The shopping center parking lot was crowded with cars. Would the no-appointment hair salon be crowded as well? My heart sank. In less than thirty minutes my daughter would be waiting outside her high school. There was no time to try another salon.
Today’s off-campus lunch, earned with excellent grades and perfect attendance, was something my daughter looked forward to at the end of each grading cycle. It was a tangible reward for her hard work and perseverance. Over time we’d fallen into a comfortable pattern of celebration. I’d dress up, pick her up, we’d have lunch at her favorite restaurant, and then spend the balance of her two-hour pass shopping. We’d talk and laugh and, if I was lucky, she’d share tidbits about that part of her life spent away from me with her friends and teachers at high school.
I couldn’t be late. No time to cruise the parking aisles searching for a space close in. I whipped into the first empty spot. It’d be a hike, but I had no choice.
I struggled out of the car, ignoring the chill that shot through me as the spring breeze tried its best to lift the wet hair dampening my blouse to mid-back. With my crutch tucked under one arm I limped through the sea of cars, hoping the no-appointment hair salon was having a slow day.
It’d been six months since my last haircut. I’d started a new job two weeks earlier and had been using hot rollers each morning since. Curls disguise ragged ends. But then I’d sprained my ankle and standing at the bathroom mirror fumbling with crutches and rollers had become too much. I needed a cut. Today.
My spirits lifted as I entered the salon. Two stylists were working. Both had clients in the final blow dry stage. Only one customer waited in the chairs at the front. I glanced at my watch. It would be close, but my hair was freshly washed and I wear it in a long block cut (no layers, no bangs, no color, no perms, simple, simple, simple). I’d be in the stylist’s chair for mere minutes. Relieved, I signed in and took a seat. Stylist One ushered a customer out of her chair and beckoned to the lady seated beside me. Stylist Two was spritzing a final holding spray on her customer’s hair. My tension eased away. I was next. I’d get to the high school on time.
From the back of the salon a third woman in a stylist apron stumbled in and made her way to the counter.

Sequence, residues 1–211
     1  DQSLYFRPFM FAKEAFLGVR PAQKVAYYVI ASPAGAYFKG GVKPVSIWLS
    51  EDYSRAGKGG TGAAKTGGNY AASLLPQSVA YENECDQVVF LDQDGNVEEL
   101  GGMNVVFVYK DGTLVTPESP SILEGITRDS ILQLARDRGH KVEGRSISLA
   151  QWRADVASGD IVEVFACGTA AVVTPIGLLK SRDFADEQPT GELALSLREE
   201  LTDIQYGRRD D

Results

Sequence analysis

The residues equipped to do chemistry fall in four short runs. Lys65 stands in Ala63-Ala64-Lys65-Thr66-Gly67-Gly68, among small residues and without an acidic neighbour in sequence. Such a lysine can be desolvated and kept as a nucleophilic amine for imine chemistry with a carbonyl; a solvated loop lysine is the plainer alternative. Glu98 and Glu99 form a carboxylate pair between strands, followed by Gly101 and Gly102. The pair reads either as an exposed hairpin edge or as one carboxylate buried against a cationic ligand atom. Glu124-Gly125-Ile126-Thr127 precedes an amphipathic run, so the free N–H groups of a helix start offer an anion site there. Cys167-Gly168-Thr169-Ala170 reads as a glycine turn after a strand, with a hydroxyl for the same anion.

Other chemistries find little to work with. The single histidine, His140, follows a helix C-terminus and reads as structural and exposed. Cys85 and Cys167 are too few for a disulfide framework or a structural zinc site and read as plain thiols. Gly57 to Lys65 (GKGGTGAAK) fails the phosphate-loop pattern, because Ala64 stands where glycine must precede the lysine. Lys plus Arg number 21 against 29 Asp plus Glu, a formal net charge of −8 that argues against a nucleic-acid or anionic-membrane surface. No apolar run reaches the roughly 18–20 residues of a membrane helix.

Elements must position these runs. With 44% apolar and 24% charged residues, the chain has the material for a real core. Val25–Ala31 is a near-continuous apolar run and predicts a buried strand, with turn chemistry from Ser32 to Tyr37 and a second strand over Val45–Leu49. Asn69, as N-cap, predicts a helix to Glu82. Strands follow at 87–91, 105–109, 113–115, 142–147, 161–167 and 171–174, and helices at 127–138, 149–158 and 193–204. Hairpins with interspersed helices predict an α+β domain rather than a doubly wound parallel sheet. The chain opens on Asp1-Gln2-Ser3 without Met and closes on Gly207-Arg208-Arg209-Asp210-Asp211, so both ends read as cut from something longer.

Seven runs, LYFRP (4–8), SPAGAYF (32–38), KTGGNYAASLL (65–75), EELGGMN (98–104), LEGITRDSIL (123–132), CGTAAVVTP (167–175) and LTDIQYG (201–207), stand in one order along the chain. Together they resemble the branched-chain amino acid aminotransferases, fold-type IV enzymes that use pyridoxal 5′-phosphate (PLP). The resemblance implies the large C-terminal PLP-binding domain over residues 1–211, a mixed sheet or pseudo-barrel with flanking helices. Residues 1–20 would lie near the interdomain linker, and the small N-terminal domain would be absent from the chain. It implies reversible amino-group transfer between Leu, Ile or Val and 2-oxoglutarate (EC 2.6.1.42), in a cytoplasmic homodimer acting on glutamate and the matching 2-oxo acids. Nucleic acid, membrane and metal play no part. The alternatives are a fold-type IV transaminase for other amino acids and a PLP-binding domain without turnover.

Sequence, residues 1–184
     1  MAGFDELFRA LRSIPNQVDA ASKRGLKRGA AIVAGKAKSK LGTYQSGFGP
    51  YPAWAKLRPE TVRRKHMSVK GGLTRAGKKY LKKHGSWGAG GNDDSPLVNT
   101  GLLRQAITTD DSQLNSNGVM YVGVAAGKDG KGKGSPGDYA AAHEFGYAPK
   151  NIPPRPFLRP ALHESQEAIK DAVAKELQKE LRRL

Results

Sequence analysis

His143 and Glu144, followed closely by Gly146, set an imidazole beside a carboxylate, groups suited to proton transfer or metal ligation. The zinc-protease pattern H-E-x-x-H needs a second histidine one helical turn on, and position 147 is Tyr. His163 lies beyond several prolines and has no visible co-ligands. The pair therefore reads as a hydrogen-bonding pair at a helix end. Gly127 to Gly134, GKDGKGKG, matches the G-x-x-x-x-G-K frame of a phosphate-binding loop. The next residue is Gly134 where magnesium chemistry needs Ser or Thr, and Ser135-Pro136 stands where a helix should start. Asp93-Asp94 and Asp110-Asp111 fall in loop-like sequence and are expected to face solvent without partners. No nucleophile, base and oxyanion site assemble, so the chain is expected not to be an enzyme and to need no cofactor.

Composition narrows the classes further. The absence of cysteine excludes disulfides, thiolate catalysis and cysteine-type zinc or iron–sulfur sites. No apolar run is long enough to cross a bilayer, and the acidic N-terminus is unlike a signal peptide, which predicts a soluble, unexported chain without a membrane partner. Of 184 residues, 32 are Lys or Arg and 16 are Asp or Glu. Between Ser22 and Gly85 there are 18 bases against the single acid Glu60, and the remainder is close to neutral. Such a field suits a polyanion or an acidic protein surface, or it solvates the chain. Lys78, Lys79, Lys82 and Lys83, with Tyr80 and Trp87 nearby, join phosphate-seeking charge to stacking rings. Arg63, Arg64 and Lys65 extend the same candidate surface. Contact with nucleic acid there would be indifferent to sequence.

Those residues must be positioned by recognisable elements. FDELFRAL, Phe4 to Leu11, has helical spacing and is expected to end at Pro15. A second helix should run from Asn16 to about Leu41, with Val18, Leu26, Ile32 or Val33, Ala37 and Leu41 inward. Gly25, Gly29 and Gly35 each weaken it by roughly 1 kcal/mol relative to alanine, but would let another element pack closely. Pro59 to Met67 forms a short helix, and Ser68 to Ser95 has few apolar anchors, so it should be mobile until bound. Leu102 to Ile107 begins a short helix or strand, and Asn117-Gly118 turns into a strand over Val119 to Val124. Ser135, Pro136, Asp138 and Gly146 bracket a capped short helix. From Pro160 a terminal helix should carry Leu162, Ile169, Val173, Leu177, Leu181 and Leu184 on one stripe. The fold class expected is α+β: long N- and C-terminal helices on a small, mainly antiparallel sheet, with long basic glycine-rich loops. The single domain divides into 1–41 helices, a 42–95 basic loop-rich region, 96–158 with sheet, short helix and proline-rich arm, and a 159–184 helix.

“You next?” she asked. I stood.
“Hey, who logged me outta the c’puter?”
“I did,” Stylist One said, not bothering to glance up from her work. “If you’re out in the alley while clients are waiting, you aren’t at work.”
Stylist Three shrugged, pointed me toward a chair and continued to fumble at the computer keys. The tension I’d felt earlier was returning but for a new reason. There was obviously something amiss here. The woman was teetering, her speech strange. Was she troubled in some manner? I’d once gotten a cut from a woman who was legally blind. It’d been a good cut, though the process had been very slow because she’d had to lean in close and peer carefully at each lock of hair before making the cut. I took a seat feeling a twinge of guilt at hoping this woman’s challenges, whatever they were, wouldn’t make me late.
The chair faced away from both the stylist’s mirror and the computer. Nevertheless, I knew the moment the stylist appeared behind me. She sighed and a thick nicotine-whiskey cloud engulfed me. I almost shot up out of the chair, but it was too late. She shrouded me in a hair cape with rough speed. And, enunciating her words with the slurred precision of the inebriated, asked how I wanted my hair cut.
“Simple block cut, two inches off the bottom,” I responded automatically, but my eyes darted to where I’d left my purse and crutch.
A plan of escape that wouldn’t damage my swollen ankle was still formulating in my head when the pointed end of her parting comb stabbed so close to my ear I feared it would slide in and pierce my brain. With inhumanly quick movements she divided my hair and clipped it into sections. Not once did the wicked point of that comb scrap my scalp, but I didn’t find that particularly reassuring. I was no fool. The woman was drunk…with scissors.
I pushed against the chair arm rests, rising to flee. Too late again. Her scissors flashed and hair hit the floor. With frightening speed her scissors flew, snip, snip, snipping with one hand while with the other hand she released sections of clipped hair and combed them straight just in time to feed those ravenous blades. She didn’t speak. My own tongue was frozen with terror, my body held statue-still as sharp metal whirled around my head.
“There.” She whipped the hair cape away, breathing a final nicotine-whiskey cloud over me as I lunged for my crutch. I didn’t bother to glance in the mirror. I didn’t want to know.
I made the long hobble back to my car and arrived at the high school just as my daughter emerged. She slid into the passenger seat. Looked at me. Then looked again.
“Mom, your hair,” she said. “It looks great!”
Yep, I’d gotten one of the best haircuts I’ve ever had from a woman who was completely, stumblingly intoxicated.